Certainly, at the moment AI is only a tool to help humans. It would take a true breakthrough to make a real AI. But our brains follow the orders of physics just as computers do; there is no fundamental difference.

    It is possible that biological computers will always be better than non-biological computers, simply because of processing speed. No computer performs as many computations as a human brain. As for adaptibility, though, an AI has the potential to surpass humans and other biological entities enormously. Already the human mind is limited and one-track compared to the variety of things a simple desktop computer can do. Humans only think, however adaptable and useful this thought may be; even current computers can do unimaginably diverse things.

    Genetic design may produce a more powerful computer than the human brain, but you don't necessarily need humans to make that design. An AI might do the same thing; it could make AI II.

    All this is under the postulate that a truly reasoning AI can be built. If this can't happen, perhaps because of limited computing speed, then none of these things I am saying about the potential superiority of silicon applies. But I believe a reasoning AI _can_ be built.

    Dan, rational beings are always interested by complex and quixotic things. You can't be intelligent if you don't have any interest in the unusual and significant. I believe it's not possible to design a truly intelligent AI which does not share this interest.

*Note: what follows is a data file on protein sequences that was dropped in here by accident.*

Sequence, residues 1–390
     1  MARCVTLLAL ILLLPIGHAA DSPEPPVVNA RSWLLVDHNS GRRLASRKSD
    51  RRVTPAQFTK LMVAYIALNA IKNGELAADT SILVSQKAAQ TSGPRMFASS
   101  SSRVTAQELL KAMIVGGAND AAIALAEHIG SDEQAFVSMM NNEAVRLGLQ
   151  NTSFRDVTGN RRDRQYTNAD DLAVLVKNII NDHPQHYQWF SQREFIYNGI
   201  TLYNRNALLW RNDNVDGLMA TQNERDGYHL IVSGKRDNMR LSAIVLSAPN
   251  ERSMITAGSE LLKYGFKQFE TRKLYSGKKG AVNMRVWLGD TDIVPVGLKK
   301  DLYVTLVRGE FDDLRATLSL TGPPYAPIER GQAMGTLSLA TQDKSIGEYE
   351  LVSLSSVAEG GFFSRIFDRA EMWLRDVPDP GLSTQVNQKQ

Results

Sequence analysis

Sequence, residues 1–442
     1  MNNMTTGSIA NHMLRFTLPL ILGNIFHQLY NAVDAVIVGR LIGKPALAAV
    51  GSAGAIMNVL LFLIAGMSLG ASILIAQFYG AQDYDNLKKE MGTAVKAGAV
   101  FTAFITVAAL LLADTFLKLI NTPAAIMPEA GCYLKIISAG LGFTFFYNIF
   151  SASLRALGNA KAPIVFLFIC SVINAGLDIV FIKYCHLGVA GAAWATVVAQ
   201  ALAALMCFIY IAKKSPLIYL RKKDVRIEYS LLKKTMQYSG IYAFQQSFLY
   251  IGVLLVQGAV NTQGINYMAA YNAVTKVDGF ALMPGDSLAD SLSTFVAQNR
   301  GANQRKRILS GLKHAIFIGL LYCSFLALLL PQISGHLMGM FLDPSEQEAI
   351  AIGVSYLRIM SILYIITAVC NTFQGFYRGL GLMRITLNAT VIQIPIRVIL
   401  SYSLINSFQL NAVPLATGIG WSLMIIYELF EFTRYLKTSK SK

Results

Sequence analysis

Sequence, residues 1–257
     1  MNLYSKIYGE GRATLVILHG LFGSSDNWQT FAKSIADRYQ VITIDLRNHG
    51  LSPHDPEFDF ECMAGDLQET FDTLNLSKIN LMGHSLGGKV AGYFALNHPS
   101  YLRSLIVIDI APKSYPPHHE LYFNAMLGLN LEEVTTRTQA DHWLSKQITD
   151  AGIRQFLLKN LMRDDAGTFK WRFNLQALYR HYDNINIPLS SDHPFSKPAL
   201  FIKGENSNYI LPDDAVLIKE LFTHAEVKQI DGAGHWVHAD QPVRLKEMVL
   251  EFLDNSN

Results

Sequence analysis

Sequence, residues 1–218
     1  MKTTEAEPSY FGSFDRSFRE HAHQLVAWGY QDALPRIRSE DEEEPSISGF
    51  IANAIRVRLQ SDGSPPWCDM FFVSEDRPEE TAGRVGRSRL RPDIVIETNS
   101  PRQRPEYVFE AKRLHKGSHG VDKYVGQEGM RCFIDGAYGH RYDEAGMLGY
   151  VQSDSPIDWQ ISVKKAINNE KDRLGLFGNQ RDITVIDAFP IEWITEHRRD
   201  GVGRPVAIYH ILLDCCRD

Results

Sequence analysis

13. Feb 2, 2005 #12
    It is possible that biological computers will always be better than non-biological computers, simply because of processing speed. No computer performs as many computations as a human brain. As for adaptibility, though, an AI has the potential to surpass humans and other biological entities enormously. Already the human mind is limited and one-track compared to the variety of things a simple desktop computer can do. Humans only think, however adaptable and useful this thought may be; even current computers can do unimaginably diverse things.

    I think you got it reveresed comparison wise Bartholomew

    Biological computers and non biological computers are great within their own bailiwick. They can't be compared head to head simply becasue they are constructed/developed vastly different

    Non bio computers simply process alot of 1's and 0's and they do it very fast to make up for this type of short fall and liniarity of processing which is caused by construction methods.


    Bio computers (our brain) can't come close to the processing speed of computers, because of the medium of which they're made. But we make up for the slower processing speed by having alot more interconnections (neurons), and therby are able to draw conclusions based on seeemingly unconnected thoughts or bits of data.

    By this comparison unless AI is constructed as complex as our brain interconnections (literally billions of interconnections) we'll be able to most likely achive parity with non bio AI.

    Besides if AI got as complex as our brains wouldn't it have learned from us and therefore be a human intelligence (albiet constructed)? Could it not be tought an appreciation of diversity and life?

    .
     
  14. Feb 2, 2005 #13
    No, the brain is far faster than the fastest silicon computer. Each individual neuron is much slower, but overall the processing power is much greater because, as you say, there are many more connections and also many more neurons. Also, each individual neuron performs more computation than a single logic gate, mitigating its speed disadvantage.